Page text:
Zipple - The Jewish Supersite

Events Calendar

Joke of the Week
Recipe of the Week
Quote of the Week
Tip of the Week


w.w.w. Zipple  

Click Here to Visit!

News & Politics

Home > News & Politics > Israel >One dead in latest Israel bombing

U.S. News
Peres in U.S. to lay groundwork for talks

Parents of injured boy sue JCC

Israel News

Diplomatic contacts intensify toward ceasefire

Slain baby's funeral

International News

Czech school cancels seminars with neo-Nazis
Sarajevo Haggadah alive and well

One dead in latest Israel bombing
At least one dead, nine hurt in bombing in northern Israel

by Naomi Segal
Jewish Telegraphic Agency
March 1, 2001

JERUSALEM-- Israel's security situation deteriorated this week, as terror claimed more victims. At least one person was killed and nine wounded in an explosion in a taxi van Thursday near the city of Umm el-Fahm in the Lower Galilee.

Police suspect the bomber, who was seriously wounded in the attack, was involved in the planting of a bomb in central Tel Aviv on Wednesday. That bomb was discovered in time and was exploded by police bomb experts, destroying a restaurant but injuring no one.

Later on Thursday, a driver tried to run over Israelis waiting at a hitch-hiking post near an army base, then fled the scene. No one was hurt in that attack.

A Palestinian killed eight Israelis in a similar hit-and-run attack last month.

Prime Minister Ehud Barak said he is convinced the two bomb attacks were linked and were part of an effort by Palestinian terrorists to try Israel's endurance.

Deputy Defense Minister Ephraim Sneh expressed concern that terrorist activity, which has stepped up since the outbreak of Palestinian violence in October, was "creeping into the heart of Israel."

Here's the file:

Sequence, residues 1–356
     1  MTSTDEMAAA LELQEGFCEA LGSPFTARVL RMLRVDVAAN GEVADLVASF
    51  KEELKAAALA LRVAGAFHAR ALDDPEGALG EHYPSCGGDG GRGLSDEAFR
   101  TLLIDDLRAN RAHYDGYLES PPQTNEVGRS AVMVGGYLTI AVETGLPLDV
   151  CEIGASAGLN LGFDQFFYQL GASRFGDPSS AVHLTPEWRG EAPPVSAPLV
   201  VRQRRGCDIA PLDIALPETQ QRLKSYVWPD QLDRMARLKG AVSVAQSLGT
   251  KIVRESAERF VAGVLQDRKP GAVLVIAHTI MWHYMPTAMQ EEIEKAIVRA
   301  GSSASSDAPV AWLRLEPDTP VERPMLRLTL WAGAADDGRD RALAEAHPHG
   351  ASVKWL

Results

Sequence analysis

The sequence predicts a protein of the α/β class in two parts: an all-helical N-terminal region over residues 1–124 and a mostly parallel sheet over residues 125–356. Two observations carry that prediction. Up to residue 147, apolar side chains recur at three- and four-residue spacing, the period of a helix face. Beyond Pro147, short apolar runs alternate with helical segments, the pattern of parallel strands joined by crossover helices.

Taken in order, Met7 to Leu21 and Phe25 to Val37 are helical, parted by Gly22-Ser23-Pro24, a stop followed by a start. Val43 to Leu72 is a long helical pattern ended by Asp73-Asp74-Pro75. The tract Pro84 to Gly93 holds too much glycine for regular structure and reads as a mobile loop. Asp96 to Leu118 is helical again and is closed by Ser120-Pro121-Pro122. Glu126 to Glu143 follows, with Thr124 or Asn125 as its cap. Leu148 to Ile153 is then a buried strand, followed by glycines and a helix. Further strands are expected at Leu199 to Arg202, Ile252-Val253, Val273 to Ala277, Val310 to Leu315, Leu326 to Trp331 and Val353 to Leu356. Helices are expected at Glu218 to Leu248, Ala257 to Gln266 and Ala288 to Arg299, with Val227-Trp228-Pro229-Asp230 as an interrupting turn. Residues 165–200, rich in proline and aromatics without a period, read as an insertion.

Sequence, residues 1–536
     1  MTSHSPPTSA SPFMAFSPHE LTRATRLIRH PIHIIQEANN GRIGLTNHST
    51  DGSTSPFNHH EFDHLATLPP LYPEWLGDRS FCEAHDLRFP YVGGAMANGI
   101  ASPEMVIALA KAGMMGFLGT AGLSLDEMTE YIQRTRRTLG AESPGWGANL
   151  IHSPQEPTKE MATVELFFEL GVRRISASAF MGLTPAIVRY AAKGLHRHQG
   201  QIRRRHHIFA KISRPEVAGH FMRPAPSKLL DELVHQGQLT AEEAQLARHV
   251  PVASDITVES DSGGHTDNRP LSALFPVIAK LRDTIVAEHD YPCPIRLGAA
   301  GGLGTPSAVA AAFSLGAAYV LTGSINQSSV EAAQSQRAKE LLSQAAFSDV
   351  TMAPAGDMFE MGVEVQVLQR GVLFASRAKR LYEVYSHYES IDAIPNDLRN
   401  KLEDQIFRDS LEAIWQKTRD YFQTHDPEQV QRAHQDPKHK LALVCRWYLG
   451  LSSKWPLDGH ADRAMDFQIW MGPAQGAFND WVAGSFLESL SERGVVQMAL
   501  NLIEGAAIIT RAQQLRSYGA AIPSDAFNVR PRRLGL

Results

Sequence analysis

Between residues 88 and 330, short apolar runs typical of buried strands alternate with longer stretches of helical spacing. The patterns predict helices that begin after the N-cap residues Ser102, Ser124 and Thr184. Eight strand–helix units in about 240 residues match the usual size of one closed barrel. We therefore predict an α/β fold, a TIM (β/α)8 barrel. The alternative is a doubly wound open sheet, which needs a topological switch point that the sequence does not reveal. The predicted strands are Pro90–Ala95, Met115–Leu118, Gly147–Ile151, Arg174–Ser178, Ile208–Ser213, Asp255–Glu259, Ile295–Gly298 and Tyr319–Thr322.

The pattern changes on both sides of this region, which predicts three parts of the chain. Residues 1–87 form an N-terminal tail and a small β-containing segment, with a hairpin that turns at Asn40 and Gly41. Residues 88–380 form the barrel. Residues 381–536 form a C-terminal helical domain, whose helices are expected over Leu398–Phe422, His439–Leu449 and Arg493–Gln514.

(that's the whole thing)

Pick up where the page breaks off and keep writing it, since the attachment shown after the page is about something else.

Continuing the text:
A previously unknown group, the "Battalions of the Seven," claimed responsibility for Thursday's bombing, according to Qatari television.

But Sneh blamed Palestinian Authority President Yasser Arafat, charging that he allows terror groups to operate unimpeded in Palestinian territory.

Palestinian officials released dozens of terrorists shortly after the Palestinian uprising began last fall, and Arafat has refused to condemn the anti-Israel attacks of recent months to either Israeli or U.S. satisfaction.

The chief of staff of the Israeli army, Lt.-Gen. Shaul Mofaz, warned Wednesday that the Palestinian Authority was devolving into a "terror entity" on Israel's border, encouraging and even participating in attacks.

Also Wednesday, an Israeli security guard was wounded when shots were fired at workers building a highway just inside Israel's pre-1967 border. Israeli military officials said gunmen crossed into Israel from the adjacent Palestinian town of Kalkilya, fired and fled safely back to the Palestinian areas.

Israel sealed off Kalkilya in response.

Thursday's bomb explosion occurred on the Wadi Ara Road, one of the arteries linking central Israel with the north.

The road passes through the Arab population center in the Lower Galilee.

Umm el-Fahm, the largest Arab city along the road, in recent years has become the base of Israel's fundamentalist Islamic Movement.

Reports said police began chasing the taxi van from the Tel Aviv area after receiving information that a terrorist with a bomb might be heading north. At one point, a police car stopped traffic and began checking cars.

The explosion occurred when a police officer began checking the passengers in the van.

"The police officer had opened the door to the taxi and begun checking the passengers when there was a huge explosion," said Daniel, a truck driver who was near the scene.

Police said the bomber apparently was sitting in the back of the van. The head of the police's northern district, Alik Ron, said it appeared the other travelers were innocent bystanders.

One woman was seriously injured. Some passengers were trapped inside the twisted remains of the vehicle, and helicopters were summoned to evacuate the wounded to hospital.

Ron said police did not have further information on terrorist cells that might be working inside Israel.

Police said roadblocks set up in central Israel in the wake of Wednesday's failed attack were not necessarily linked to the hunt for the bomber in Thursday's attack.

© JTA Inc., 2001. May not be reproduced without written permission.


People & Cultures

About Zipple | Legal Stuff | Link to Us | Add Your URL | Advertising | Feedback | Contact Us